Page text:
Knut of Norway sent me an interesting email a few days ago:
When I was in Bavaria last year, I bought a bottle of Bierlikör at the brewery tap at Weienstephan. I have seen on the web site of other German breweries that they have similar liquors, and I wonder what kind of drink this really is. It is quite weak, at 30% alcohol. It is very sweet, tastes of malt and of aniseed. It reminds me of the Scandinavian sweets called "Kongen av Danmark" and of the Portugese Liqour Beirao. So, is this neutral alcohol mixed with malt extract and spices, or is it something else? Can anyone help? Is this exclusivly German?This is not quite the same as the thing I think called "double beer" I have come across referenced in Unger's Beer in the Middle Ages and Renaissance. With "double beer" your average medieval inventor brewer lady made a batch of beer starting with beer from an earlier batch rather than water. It was a basic technique of fortifying the brew and was outlawed fairly quickly where and when it popped up. No, what Knut is referring to is a distillation as no matter who is trying no one has yet made a beer over around 25% and no one has made one over around 14% using traditional methods. Whisky - and even whiskey - is really close to it if you think about it: distilled unhopped ale. When you make beer, before you throw in the yeast the liquid is called wort. Same for whisky. But when you pitch the yeast, whisky wort is now called wash while with beer the wort is now called green beer. [You know, between organic techniques and Irish celebrations, "green beer" is a pretty confused Google search but that is what it is called.]
But what if you distill green beer rather than wash? Is this what Knut's bierlikör is? Are there any other examples? I ask you, oh, people of the beer.
Here are two ales from the Elora Old Mill brand produced by Trafalgar Brewing Company at Oakville, Ontario. According to the ever useful Brewed in Canada by Allen Winn Sneath, in 1997:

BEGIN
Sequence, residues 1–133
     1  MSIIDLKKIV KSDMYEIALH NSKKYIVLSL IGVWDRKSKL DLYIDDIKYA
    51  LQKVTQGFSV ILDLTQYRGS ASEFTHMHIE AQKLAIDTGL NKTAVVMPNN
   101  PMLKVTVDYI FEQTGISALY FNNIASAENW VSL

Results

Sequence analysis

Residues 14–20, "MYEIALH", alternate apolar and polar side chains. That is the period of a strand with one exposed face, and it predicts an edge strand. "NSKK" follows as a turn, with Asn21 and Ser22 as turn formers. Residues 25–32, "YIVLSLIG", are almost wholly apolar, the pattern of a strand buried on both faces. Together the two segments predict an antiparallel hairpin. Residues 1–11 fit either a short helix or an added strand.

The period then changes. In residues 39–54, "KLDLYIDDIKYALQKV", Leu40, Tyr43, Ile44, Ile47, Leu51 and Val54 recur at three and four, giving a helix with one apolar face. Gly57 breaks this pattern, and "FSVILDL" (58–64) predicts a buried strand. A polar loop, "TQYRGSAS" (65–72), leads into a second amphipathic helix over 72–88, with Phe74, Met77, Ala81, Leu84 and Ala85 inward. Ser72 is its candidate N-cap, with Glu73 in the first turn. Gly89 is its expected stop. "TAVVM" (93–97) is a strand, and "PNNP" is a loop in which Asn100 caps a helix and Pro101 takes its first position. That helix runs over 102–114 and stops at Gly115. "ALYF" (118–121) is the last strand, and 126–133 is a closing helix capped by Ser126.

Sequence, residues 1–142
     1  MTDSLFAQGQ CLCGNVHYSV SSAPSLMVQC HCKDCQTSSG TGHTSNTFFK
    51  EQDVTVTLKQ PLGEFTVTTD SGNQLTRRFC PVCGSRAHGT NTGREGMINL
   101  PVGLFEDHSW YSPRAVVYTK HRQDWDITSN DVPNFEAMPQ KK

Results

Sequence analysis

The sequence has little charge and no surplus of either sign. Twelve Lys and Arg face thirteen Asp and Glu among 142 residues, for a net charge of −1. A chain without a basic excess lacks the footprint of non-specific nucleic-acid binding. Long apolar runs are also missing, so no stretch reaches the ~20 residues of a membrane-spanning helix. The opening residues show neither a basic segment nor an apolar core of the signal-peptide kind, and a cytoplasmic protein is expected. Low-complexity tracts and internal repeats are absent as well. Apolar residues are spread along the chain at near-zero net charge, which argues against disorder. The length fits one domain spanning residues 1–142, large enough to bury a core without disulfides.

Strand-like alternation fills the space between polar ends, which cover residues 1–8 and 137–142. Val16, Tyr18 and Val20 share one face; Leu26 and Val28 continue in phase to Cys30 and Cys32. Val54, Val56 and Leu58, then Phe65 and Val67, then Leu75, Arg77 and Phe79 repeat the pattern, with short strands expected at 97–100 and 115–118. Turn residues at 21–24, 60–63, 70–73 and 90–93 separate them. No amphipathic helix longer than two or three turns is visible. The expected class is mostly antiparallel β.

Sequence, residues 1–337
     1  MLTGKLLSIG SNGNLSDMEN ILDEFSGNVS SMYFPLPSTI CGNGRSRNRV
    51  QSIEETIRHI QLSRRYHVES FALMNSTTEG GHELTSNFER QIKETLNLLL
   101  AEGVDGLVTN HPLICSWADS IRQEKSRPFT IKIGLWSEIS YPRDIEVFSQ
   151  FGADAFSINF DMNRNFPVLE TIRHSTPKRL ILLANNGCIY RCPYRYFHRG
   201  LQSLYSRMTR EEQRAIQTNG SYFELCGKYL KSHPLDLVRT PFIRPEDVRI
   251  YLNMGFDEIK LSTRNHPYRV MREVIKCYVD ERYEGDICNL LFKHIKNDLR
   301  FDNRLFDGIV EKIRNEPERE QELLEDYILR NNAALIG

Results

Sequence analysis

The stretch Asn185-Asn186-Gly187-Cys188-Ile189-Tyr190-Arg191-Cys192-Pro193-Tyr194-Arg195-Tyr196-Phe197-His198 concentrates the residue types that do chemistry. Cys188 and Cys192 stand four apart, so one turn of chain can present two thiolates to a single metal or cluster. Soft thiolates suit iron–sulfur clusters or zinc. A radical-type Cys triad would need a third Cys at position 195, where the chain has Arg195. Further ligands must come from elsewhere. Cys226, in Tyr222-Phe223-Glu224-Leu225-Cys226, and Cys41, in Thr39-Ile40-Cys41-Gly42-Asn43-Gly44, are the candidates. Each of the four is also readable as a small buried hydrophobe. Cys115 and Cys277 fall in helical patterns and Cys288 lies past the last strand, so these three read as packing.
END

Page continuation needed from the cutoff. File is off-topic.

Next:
Trafalgar Brewery of Oakville opens the Old Mill Brewery in Elora on the site of the defunct Taylor & Bate Breery. They closed down after two years.Despite that unhappy adventure, the Elora brands have been continued.
The beer to the left is Elora ESB or Extra Special Bitter. This beer pours a ruddy amber with a white rim that fades quickly, unsustained by the low carbonation. ESB is a notch above best bitter which, in turn, is above ordinary bitter. This take of the style is a little light, not in the range of Propeller ESB from Halifax, for example. And does this beer lack daring? I am reminded that I thought that Brooklyn East India Pale Ale was not to style but then it grew on me and I saw the intended sublty. I don't think this is the case here. But the level of risk taking is sort of par for the Canadian course if my inquiries into the national six-pack taught me anything. I wrote about this in relation to the other Trafalgar product I have reviewed, their Celtic Pure Irish Ale, but it is not an issue I only have with this craft brewer by any stretch. There also is a bit of what I do not like in Sleeman and Creeemore beers, too: maybe hard water or sourish notes or even a vegetative green pepperish angle. Or maybe it is a slight oakiness, drying rather tha enriching. These beers are from the same general region - maybe it's in the watertable. And the use of the Fuggles is good but, unlike Shipyard's use of that hop in their IPA, it is not pronounced or a signature note. In any event, that old Halifax tavern trick of a shake of salt into the beer did it a world of good. BAers not pleased.
The other beer is Elora Irish Ale. It poured a blackened amber with a tan head. Immediately I noticed more zip, a citrusiness to the hops but, then, past that tang it was again not as grainy as I expect a micro should be. Light - even vinious - and not at all unpleasant but it could be more. Nice bit of black pepper at the end from the roast barley. BAers a little more positive.